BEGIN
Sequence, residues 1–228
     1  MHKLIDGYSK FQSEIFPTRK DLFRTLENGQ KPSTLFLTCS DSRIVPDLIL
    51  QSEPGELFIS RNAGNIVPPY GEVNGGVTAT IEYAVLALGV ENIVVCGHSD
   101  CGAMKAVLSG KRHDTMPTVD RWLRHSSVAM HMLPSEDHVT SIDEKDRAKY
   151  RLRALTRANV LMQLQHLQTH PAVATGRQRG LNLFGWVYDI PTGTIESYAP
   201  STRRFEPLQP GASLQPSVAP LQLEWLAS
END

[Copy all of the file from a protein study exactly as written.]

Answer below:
Sequence, residues 1–228
     1  MHKLIDGYSK FQSEIFPTRK DLFRTLENGQ KPSTLFLTCS DSRIVPDLIL
    51  QSEPGELFIS RNAGNIVPPY GEVNGGVTAT IEYAVLALGV ENIVVCGHSD
   101  CGAMKAVLSG KRHDTMPTVD RWLRHSSVAM HMLPSEDHVT SIDEKDRAKY
   151  RLRALTRANV LMQLQHLQTH PAVATGRQRG LNLFGWVYDI PTGTIESYAP
   201  STRRFEPLQP GASLQPSVAP LQLEWLAS